Standing at Niagara Transformer Corporation, Gillibrand & Higgins Announce New Bipartisan Effort to Revitalize Inactive, Contaminated Sites
Legislation Would Provide Additional Tools And Resources To Clean Up And Rebuild On Brownfield Sites
Buffalo, NY – Standing with local leaders at Niagara Transformer Corporation, U.S. Senator Kirsten Gillibrand, a member of the Environment and Public Works Committee, and Congressman Brian Higgins announced a new bipartisan effort to reauthorize and improve programs to cleanup and rebuild on brownfield sites. The Brownfields Utilization, Investment and Local Development (Build) Act, would jumpstart development efforts and provide additional resources and for sites in need of redevelopment. The measure would allow local municipalities and non-profit organizations access to more money, tools and resources as they work toward project completion as well as help to create and sustain jobs.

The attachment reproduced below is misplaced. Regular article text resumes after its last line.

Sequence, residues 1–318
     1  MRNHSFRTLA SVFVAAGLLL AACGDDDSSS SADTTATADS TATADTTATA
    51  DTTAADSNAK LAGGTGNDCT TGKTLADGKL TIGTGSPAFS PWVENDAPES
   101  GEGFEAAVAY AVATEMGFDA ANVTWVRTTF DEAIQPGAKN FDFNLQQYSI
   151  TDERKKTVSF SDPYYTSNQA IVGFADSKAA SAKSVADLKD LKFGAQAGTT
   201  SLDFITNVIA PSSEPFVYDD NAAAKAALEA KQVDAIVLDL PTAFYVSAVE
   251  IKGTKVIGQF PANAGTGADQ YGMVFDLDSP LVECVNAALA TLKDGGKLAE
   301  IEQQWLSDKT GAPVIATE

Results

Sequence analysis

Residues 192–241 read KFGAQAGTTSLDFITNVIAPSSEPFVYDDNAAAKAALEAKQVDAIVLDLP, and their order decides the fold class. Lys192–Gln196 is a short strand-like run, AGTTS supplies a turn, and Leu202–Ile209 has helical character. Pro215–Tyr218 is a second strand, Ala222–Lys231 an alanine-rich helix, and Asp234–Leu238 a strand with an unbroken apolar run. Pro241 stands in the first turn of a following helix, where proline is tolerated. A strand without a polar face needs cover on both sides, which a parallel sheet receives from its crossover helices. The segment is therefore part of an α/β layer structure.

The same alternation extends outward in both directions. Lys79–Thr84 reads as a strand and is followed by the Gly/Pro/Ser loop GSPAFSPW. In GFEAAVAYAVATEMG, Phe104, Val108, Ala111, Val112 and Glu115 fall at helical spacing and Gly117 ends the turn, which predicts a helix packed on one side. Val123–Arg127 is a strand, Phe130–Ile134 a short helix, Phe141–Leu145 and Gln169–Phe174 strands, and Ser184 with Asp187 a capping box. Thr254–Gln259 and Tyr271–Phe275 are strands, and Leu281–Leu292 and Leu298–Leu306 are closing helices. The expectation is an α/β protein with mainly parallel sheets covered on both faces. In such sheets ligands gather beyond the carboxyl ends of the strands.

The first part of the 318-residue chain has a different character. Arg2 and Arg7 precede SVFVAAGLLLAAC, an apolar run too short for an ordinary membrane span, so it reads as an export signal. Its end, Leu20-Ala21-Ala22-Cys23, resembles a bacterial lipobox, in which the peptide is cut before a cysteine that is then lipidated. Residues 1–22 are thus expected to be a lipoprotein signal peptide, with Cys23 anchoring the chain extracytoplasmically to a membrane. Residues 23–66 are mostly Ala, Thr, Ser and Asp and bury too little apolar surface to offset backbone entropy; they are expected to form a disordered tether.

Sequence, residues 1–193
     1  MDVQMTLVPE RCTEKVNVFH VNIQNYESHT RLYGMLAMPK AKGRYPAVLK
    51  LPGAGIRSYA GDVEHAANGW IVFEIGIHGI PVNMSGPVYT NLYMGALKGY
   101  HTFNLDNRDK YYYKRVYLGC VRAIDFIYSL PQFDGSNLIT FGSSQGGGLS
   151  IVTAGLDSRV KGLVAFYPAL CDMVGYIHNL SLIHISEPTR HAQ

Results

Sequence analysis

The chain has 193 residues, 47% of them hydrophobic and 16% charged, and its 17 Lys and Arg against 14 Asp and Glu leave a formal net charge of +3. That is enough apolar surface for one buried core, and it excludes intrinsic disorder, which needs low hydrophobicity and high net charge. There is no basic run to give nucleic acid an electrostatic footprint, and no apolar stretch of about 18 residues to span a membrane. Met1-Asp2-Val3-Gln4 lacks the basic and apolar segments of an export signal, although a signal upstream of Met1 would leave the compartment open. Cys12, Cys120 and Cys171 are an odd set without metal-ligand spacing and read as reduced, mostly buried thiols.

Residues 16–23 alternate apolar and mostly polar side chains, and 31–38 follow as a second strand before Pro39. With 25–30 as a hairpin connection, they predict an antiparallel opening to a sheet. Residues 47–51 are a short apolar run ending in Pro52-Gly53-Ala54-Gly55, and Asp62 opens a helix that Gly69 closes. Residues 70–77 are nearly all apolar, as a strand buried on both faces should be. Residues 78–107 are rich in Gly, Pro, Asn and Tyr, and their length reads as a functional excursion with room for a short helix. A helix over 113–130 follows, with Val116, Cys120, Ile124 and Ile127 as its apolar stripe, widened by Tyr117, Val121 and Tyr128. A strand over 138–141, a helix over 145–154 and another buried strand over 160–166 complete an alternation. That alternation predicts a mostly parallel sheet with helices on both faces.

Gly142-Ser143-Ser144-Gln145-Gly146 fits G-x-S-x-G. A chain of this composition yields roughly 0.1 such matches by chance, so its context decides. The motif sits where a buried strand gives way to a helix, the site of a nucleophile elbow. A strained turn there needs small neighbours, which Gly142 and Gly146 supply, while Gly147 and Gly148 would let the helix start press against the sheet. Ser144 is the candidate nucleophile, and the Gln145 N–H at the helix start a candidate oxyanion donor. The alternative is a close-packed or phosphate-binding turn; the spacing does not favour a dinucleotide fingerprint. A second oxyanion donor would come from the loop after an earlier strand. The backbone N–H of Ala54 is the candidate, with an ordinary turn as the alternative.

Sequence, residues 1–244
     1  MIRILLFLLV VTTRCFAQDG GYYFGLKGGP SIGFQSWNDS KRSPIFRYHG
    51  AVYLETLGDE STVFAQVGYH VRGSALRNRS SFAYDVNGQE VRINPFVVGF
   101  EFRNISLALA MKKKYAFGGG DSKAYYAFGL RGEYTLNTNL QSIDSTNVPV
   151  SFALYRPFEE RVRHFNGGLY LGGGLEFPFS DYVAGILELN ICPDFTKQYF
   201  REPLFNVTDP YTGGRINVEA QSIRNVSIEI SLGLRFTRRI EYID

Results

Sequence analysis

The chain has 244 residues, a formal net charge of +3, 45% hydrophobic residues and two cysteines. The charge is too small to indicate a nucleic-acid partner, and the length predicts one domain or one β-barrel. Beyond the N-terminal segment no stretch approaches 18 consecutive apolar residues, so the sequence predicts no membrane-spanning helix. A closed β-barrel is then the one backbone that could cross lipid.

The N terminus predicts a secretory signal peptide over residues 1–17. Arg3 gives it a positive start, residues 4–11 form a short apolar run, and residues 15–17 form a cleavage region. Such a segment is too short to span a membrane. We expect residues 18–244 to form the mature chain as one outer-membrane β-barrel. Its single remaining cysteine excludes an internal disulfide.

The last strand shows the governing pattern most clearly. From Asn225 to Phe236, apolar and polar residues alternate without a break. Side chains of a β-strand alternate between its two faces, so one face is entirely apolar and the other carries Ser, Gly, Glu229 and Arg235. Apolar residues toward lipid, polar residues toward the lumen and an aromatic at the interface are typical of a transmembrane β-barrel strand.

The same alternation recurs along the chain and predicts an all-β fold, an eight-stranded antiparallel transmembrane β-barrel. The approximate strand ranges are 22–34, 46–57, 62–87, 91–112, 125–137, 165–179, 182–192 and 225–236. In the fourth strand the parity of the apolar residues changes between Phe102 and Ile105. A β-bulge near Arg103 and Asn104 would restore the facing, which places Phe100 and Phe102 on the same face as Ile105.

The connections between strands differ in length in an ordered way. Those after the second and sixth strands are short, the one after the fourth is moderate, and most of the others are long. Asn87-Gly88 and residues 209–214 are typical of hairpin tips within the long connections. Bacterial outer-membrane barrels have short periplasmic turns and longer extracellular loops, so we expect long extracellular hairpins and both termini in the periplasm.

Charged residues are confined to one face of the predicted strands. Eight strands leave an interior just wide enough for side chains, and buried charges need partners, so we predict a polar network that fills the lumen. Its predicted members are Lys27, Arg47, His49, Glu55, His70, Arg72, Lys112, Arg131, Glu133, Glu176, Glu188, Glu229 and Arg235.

Congressional authorization for the Brownfield program lapsed at the end of 2006, leaving economic development opportunities to fall by the wayside.
“The Niagara Transformer site is ripe with opportunity to help our economy grow,” Senator Gillibrand said. “This strong, bipartisan bill can unlock new investments to develop brownfield sites into usable spaces that can attract new businesses, support new jobs, and make more New York communities a great place to live, work and raise a family.”
“Remediating brownfields is not only good for our environment, but also improves communities by opening up once toxic land for economic development,” said Congressman Brian Higgins. “From Cheektowaga to our Outer Harbor, Western New York is remaking itself from a community that is old and industrial to one that is new and exciting. This legislation would help communities like ours continue with this effort by recognizing the great value in restoring and repurposing former brownfields.”